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  1. A huge octopus-like sculpture sits in the foreground of the Sidney Myer Music Bowl
    Photograph: Eugene Hyland
  2. An open outdoor space is illuminated by lights and pop up food venues
    Photograph: Eugene Hyland
  3. A crowd iceskates under large illuminated sculptures
    Photograph: Eugene Hyland
  4. Four figures in transparent arty outfits perform in a busy square at night
    Photograph: Nick Buckley

What to see at Rising 2022

Third time's the charm for the Rising team, with an epic line-up of brilliant art, installations and pop ups

Written by Bianca O'Neill
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Melbourne's winter arts festival, Rising, has been cancelled the past two years due to Melbourne's lockdown restrictions, but with the city open for business again, it's hoped this year's festival will finally be able to bring its program of ambitious arts and culture offerings to Melbourne.

There are 225 events, including 22 commissions and 14 world premieres, taking place across the 12 nights of the festival. In typical Rising fashion, these won't be staid and static art pieces on bare gallery walls. Instead, the festival will take over Melbourne's streets, gardens, car parks, waterways and rooftops.

Although it's impossible to pick a favourite show, The Wilds is one of the most hotly anticipated elements of this year's program. The Wilds will take over the Royal Botanic Gardens in a riot of colour, sound, art, music, food and even ice skating.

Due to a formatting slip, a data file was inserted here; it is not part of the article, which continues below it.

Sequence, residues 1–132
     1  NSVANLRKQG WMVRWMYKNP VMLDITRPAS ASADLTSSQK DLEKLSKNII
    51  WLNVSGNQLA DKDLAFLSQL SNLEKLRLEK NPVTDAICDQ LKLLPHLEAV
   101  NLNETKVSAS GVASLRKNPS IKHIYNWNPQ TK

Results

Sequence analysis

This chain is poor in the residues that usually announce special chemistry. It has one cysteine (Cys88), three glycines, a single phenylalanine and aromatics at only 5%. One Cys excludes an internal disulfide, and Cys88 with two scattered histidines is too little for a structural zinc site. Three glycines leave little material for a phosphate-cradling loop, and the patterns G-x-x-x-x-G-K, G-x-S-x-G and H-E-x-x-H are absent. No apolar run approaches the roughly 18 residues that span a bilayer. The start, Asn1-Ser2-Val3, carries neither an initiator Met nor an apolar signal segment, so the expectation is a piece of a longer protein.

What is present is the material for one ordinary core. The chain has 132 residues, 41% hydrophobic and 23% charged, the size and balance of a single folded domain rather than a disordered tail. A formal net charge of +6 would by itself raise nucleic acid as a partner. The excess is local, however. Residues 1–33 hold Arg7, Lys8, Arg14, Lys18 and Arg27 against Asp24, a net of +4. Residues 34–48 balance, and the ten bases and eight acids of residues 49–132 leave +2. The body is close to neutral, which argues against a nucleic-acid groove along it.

Here are our picks of the festival. 

  • Theatre
  • Drama
  • Southbank

The outstanding Eryn Jean Norvill takes on every role in this Oscar Wilde adaptation by STC artistic director Kip Williams. Exploring the chaotically spiralling aftermath of a Faustian pact for eternal youth, The Picture of Dorian Gray offers a fascinating insight into out selfie-obsessed times.

“I was having a conversation with a colleague of mine… about our culture’s obsession with youth, and our obsession with constructed identity and selfie culture, and we were talking about how you might make a work that could start to unpack and challenge those ideas,” Williams says. “Dorian Gray feels like a timely piece to investigate.”

All the more so now, given our time lost in the digital desert these past few years. Speaking of which, the show uses the live video technology that Williams deployed to such remarkable effect in Suddenly, Last Summer and The Resistible Rise of Arturo Ui.

This production continues the collaboration between Williams and Norvill, who first worked together on a 2013 staging of Romeo and Juliet which reframed the action through Juliet’s perspective. After a five-star performance in Sydney, The Picture of Dorian Gray finally gets its Melbourne outing as part of Rising 2022.

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